An Open Letter to My Youngest Son, B.~
Yesterday marked your 5th anniversary of your birth. To quote Jerry Garcia, (not that I do often…but), “What a long, strange trip it has been.” I find it so hard to believe that so much time has transpired. And yet, in some ways, it seems like I blinked and here you are—a blur of activity and passing for a boy.
So much about you was and still is unpredictable. You weren’t planned as they say. Oh, you were part of God’s plan…just not really on my horizon. I always wanted another child; but after all that time…I just didn’t expect it. So, when I found out, it should have tipped me off to all the upheaval and change that was awaiting our family. You were such a surprise that many people didn’t know how to react when we announced we were anticipating your arrival. You have never been a patient child; and you certainly weren’t the night into early morn that you were born.
A couple of days before you were born I knew something wasn’t right. I went from my regular doctor, to my OB and home to bed rest. I remember so much of that night with frightful clarity. At 7:00 that evening, I knew something was really wrong. Your father came in with your big brother from a game of catch and I told him we had to leave for the hospital right away. In the ER I was checked and hooked up to wires and machines. My OB went out to the waiting room to tell your Dad I was going to be kept overnight. However, I knew it wasn’t just stress. One thing led to another and shortly afterward, we were on our way to a bigger hospital. What was first believed to be anxiety turned out to be much more frightful indeed.
I recall the ambulance ride…how the nice EMT kept trying to distract me with pleasant conversation. All the while, he kept checking the monitors—making sure we were both still ok. I remember being wheeled down the back entrance for the “special cases” that need to bypass the ER entrance. What awaited us was a quick trip to the maternity ward and a deluge of nurses and more tests. Your Dad and C. made it down just as the doctor who specialized in high-risk pregnancy issues told me that they were going to have to deliver you right away—to give both of us a chance. We didn’t even have a half- hour to spare. NO time to give you steroids to help your under-developed lungs try to breathe. I remember the sonogram, the blood results, and the 5-minute prep before we were wheeled into the OR.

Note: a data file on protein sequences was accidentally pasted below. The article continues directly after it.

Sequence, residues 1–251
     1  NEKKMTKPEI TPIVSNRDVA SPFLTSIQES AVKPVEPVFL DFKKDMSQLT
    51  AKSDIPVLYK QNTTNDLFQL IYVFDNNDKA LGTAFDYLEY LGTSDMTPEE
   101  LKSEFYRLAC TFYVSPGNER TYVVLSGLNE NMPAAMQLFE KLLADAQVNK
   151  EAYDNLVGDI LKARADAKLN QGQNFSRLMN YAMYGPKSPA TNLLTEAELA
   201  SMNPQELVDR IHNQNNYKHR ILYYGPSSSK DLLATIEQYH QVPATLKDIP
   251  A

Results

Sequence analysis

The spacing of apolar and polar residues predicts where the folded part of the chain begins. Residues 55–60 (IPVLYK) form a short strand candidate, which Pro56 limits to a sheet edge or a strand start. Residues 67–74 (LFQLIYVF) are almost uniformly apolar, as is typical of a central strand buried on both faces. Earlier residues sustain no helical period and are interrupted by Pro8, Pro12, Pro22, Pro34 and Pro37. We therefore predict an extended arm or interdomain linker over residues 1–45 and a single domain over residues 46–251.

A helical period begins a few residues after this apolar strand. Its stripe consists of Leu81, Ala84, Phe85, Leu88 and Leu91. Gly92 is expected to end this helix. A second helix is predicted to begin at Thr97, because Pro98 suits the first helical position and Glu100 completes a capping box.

Dad and I distracted ourselves from the horror of what we were facing by trying to decide on a name. Your overly superstitious mother with her Irish Catholic upbringing wasn’t going in that OR without a name picked-out. We honestly had decided on one…we thought we still had 2 ½ months before you were due to arrive. In the end, we came up with your name out of thin air—or Divine intervention—just before they came to literally cut you from me. I decided that your name sounded too important or regal for you to perish. Not with that name, B…you simply had to live.
I remember the sterile room, the epidural, the anxious doctor waiting for me to get numb. I remember your tiny cry. Even then you flailed like you had a million places to be all at once with no real ability to now how to get there save determination. I remember the nurses taking you from me. I was given a few moments to see you as your tiny little body was placed on my chest in the recovery room. I couldn’t hold you; you were simply too tiny. Ironically, you and I were born at the exact same time, 1:45 am. Different days…but a unique connection. And your tiny weight, less than 3 pounds, turned out to be my birth date—the pounds were my month and the ounces the day. And then you were whisked off to the NICU.
There, you would stay for almost a week before I was allowed to hold you. The nurse handed me to you all bundled up in a blanket that seemed to engulf you and all the wires and tubing keeping you alive. I remember crying and praying. I asked God to let you live. I said I would support you regardless of what you grew up to be…I just asked that you live to grow-up. They wouldn’t give me odds on your survival; but neither one of us really should have made it through that first night into the wee hours of your first breath.
Two months, in 2 different NICU’s in 2 different states. Two separate occasions when you “cheated death” according to your Pediatric Cardiologist at a later date. Two separate times when I thought I would lose you and die from the pain and fear coursing through me. Two separate times I question God on the wisdom of having some one so minute bear so much of a burden. Two separate times when I was given more grace than I might have deserved. Two separate times you amazed everyone.
Tonight, I returned to your bed to gaze down at the wonder of you. There is so much more to tell you; but not tonight. There is so much more to your story and so many more chapters to write that I didn’t expect back then. Tonight, as I fight back to tears to type, I see the tiny little body in that NICU morph into the child who vaguely resembles the Tasmanian devil sprawled in repose. You have come so far. I have learned that I have more courage in me that I ever expected, more tenacity and drive, and that when you make a bargain with God…sometimes he has a mysterious way of having you keep your end of the deal. (Not that God works that way little boy…but you will learn that for yourself.)
No tonight, I simply look at my cub and realize that Mama Bear didn’t know what she was getting; but she’ll help keep you safe to keep turning the cave upside down. Sleep well little, Prince. And God give me strength for the next magic birthdays ahead.
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